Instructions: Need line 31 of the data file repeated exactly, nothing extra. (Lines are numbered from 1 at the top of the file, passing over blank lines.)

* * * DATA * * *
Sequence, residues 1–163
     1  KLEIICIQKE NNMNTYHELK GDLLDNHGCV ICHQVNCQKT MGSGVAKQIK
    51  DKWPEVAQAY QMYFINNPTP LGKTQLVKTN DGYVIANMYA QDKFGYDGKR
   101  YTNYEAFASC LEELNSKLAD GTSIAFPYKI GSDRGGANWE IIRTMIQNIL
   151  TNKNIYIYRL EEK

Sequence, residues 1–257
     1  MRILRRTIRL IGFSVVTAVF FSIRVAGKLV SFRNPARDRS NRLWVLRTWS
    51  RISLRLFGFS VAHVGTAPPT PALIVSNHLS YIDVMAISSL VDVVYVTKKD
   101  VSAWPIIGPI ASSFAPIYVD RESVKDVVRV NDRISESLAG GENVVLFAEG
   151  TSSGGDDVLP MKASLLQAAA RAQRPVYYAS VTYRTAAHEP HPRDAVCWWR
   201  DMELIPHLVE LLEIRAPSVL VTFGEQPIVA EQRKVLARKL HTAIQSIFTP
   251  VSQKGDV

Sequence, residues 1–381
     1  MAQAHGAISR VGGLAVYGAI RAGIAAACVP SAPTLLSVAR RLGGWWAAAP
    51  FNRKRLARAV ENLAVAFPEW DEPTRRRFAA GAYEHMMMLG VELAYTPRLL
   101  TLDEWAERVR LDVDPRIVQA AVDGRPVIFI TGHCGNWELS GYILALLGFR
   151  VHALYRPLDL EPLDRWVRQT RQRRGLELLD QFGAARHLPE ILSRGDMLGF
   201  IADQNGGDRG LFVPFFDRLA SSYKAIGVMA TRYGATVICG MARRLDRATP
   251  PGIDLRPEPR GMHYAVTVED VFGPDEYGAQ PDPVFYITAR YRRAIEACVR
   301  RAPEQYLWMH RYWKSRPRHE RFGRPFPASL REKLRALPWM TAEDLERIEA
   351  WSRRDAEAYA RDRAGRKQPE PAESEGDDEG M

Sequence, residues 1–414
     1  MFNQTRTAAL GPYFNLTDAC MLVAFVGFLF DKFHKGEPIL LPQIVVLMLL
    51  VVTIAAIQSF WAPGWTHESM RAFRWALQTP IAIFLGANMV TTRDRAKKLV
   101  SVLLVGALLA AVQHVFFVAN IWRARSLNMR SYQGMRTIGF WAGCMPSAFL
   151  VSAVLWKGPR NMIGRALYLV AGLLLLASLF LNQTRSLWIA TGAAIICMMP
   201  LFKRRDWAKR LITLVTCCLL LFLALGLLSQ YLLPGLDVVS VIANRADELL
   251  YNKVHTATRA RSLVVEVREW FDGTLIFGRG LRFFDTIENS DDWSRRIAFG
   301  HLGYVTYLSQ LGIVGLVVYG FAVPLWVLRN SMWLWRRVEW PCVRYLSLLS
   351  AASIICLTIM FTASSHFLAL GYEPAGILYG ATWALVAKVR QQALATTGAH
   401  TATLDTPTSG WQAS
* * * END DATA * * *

   401  TATLDTPTSG WQAS